Morane-Saulnier Type P

From Wings of Linen
Morane-Saulnier P
Role Fighter
Manufacturer Morane-Saulnier
First flight 31 Mar 1916 [1][2]
Primary users France
Number built 565 [1][3][4] to >1200[2][4][note 1]
Wingspan 11.2 m (36 ft 7 in)[2] - 11.2 m (36 ft 9 in)[5]
Engine 110hp Le Rhône 9Jb rotary or
80hp Le Rhône 9J rotary
Armament top-wing Vickers or Lewis or sync. Vickers[note 2]
rear flexible Lewis or Vickers[6]
Crew 1-2
Max Speed 162 km/h (101 mph)[7][4]
Climb 2,000 m (6,560 ft) in 8:00[4]-8:45[7][5]
3,000 m (9,840 ft) in 15:50 [7][5]
Ceiling 4,800 m (15,700 ft)[7][5][note 3]
Range 375 km (230 mi)[7][5]
Endurance 2:30[5] - 4:00[7][4]

The Morane-Saulnier Type L and LA were starting to get a bit old by autumn 1915, so a revamped version was brought out in the form of the Morane-Saulnier Type P. It retained the faired, round cross-section of the Type LA but improved the engine to 110hp. A synchronized Vickers was frequently mounted on the top wing and a flexible rear Lewis was used by the observer. The military designation was the MoS.21.

Its service with Aviation Militaire was fairly brief, and by autumn of 1917 they were largely replaced by an improved version, the MoS.26. The MoS.26 featured a strengthened fuselage, full cowl, and (on French planes) a synchronized Vickers gun.[6]

The RFC ordered Type Ps starting in autumn 1916, many including a Lewis gun firing over the propeller. Due to a shortage of engines, 80hp Le Rhônes were frequently substituted. In all, 106 Type Ps were ordered for Britain, with a mix of MoS.21's and MoS.26's.

A handful were acquired by Russia, but they were not well-liked.

For more information, see Wikipedia:Morane-Saulnier P.

Timeline [note 4]

Game Data

Wings of Glory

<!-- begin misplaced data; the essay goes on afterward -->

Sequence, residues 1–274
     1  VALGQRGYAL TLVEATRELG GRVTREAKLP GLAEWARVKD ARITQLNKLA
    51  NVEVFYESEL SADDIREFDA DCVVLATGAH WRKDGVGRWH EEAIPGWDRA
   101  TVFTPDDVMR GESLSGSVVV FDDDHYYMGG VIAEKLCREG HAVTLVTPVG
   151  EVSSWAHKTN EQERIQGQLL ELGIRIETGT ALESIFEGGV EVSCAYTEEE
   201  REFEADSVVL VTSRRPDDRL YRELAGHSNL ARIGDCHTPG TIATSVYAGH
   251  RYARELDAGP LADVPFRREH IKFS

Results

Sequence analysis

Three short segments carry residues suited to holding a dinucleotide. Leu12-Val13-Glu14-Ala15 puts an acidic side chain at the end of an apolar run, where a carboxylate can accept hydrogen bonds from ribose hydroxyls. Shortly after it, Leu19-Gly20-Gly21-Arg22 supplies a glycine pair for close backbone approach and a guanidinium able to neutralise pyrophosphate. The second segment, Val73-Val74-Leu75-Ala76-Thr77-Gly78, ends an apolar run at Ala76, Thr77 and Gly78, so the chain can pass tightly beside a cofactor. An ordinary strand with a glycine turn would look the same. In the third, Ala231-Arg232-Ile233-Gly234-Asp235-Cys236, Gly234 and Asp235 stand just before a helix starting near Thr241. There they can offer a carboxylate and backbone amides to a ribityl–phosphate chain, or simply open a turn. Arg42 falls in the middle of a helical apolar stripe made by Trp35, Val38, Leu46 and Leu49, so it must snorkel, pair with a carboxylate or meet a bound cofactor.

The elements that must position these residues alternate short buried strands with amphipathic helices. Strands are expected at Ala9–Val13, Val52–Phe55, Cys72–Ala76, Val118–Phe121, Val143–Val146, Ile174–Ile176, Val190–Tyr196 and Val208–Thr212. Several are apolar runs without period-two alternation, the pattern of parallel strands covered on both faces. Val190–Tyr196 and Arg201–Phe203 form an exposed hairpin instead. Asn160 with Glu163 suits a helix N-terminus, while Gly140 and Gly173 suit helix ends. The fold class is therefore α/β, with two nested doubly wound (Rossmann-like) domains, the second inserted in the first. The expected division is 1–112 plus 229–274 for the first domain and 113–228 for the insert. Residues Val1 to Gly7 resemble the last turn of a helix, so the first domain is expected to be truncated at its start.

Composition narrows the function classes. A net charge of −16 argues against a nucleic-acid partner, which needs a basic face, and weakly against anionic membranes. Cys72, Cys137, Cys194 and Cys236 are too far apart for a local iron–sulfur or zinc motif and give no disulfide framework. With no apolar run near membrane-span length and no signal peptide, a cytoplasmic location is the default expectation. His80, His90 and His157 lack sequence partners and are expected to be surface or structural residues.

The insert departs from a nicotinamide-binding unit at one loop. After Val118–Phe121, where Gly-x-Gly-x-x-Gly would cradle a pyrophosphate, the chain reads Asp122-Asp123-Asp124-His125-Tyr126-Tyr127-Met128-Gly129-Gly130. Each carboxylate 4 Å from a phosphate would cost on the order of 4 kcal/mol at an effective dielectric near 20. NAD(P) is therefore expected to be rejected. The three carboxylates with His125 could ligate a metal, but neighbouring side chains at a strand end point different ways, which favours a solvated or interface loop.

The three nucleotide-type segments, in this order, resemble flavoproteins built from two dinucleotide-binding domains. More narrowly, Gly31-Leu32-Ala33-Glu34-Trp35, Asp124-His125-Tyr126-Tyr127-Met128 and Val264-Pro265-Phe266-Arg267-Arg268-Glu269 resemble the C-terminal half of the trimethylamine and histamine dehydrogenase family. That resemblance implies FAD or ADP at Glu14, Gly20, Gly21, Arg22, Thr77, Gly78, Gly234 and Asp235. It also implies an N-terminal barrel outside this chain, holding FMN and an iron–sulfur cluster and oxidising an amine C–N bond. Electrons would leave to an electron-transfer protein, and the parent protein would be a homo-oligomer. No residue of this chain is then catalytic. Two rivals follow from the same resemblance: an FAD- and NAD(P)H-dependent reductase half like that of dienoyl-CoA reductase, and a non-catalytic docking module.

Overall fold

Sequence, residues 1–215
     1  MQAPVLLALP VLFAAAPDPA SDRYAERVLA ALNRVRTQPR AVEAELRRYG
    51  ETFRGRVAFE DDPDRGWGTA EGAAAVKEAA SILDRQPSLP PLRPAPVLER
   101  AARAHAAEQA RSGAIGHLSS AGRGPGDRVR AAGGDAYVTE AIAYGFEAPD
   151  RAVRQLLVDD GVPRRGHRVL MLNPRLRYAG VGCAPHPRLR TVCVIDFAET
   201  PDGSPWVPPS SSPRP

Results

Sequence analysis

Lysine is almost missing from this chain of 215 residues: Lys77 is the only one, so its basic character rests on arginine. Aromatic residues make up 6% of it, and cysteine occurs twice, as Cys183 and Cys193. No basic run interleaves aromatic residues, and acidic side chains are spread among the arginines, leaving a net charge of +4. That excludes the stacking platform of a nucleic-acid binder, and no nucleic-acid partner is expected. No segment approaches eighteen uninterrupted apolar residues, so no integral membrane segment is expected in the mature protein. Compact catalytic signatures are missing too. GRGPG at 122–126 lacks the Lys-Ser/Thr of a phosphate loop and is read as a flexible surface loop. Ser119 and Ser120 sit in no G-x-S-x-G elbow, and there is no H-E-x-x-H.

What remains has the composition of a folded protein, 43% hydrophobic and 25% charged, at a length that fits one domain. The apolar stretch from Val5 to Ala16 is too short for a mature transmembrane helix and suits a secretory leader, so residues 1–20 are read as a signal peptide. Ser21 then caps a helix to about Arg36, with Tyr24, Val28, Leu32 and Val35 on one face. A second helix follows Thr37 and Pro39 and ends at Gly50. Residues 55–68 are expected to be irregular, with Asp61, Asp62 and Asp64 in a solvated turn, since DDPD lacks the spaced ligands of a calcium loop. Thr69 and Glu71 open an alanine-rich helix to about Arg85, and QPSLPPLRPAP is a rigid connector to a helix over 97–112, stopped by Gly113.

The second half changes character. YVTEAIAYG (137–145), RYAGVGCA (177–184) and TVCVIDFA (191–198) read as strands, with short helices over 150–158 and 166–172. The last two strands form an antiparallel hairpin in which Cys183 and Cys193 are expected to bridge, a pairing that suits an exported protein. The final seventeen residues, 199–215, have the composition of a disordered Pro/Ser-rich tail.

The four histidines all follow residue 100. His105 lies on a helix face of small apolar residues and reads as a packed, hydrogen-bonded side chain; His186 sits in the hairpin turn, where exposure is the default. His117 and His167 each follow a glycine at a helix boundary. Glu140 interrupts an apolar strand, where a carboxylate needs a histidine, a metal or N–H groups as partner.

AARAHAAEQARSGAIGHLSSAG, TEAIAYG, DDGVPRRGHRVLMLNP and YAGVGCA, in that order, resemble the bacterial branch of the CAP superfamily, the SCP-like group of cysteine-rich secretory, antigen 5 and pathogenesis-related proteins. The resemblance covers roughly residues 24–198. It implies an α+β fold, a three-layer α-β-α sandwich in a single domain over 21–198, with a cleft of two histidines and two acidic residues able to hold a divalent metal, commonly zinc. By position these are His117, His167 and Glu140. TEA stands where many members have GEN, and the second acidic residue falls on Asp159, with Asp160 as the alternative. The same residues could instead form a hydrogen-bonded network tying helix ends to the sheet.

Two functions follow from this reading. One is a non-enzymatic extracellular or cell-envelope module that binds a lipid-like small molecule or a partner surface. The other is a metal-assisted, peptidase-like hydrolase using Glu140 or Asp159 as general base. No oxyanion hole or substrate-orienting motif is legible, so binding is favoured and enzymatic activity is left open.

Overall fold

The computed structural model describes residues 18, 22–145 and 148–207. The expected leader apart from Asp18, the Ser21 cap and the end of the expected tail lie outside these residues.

Unofficial Stats
Version Availability Maneuver Damage Dmg Points Max Alt. Climb
Two-gun 16Q1-17Q1 Y B/B 10 11 5
Rear gun only Y -/B 10 11 5

Plane and Crew Cards

Card Links

Miniatures and Models

1:144 Scale

1:200 Scale

1:285/6mm/1:288 Scale

1:350 Scale


Orthographic Drawings


  1. The 1200 figure includes unspecified 'variants'.[4]
  2. Or no forward gun. Synchronized Vickers were fitted to French MoS.26 models.[6]
  3. 3,700 m (12,000 ft) ceiling with 80hp engine[5]
  4. British usage numbers are approximate, derived from the squadron histories.[8]
  1. 1.0 1.1 Davilla, p.323.
  2. 2.0 2.1 2.2 Ferry'14, p.61.
  3. Angelucci, p.52.
  4. 4.0 4.1 4.2 4.3 4.4 4.5 Ferry'14, p.132.
  5. 5.0 5.1 5.2 5.3 5.4 5.5 5.6 Lamberton, p.218-220.
  6. 6.0 6.1 6.2 Davilla, p.324.
  7. 7.0 7.1 7.2 7.3 7.4 7.5 Davilla, p.326.
  8. Philpott'13, pp.379-444.
  • Enzo Angelucci, ed. The Rand McNally Encyclopedia of Military Aircraft, 1914-1980. New York: The Military Press, 1983 edition. ISBN 0-517-41021-4.
  • Vital Ferry. French Aviation During the First World War. Paris: Histoire and Collections, 2014. ISBN 978-2-35250-370-5
  • Dr. James J. Davilla and Arthur M. Soltan. French Aircraft of the First World War. Flying Machines Press, 1997. ISBN 0-9637110-4-0.
  • W.M. Lamberton and E.F. Cheesman, Reconnaissance & Bomber Aircraft of the 1914-1918 War. Great Britain: Harleyford Publications Ltd., 1962. ISBN 9780900435027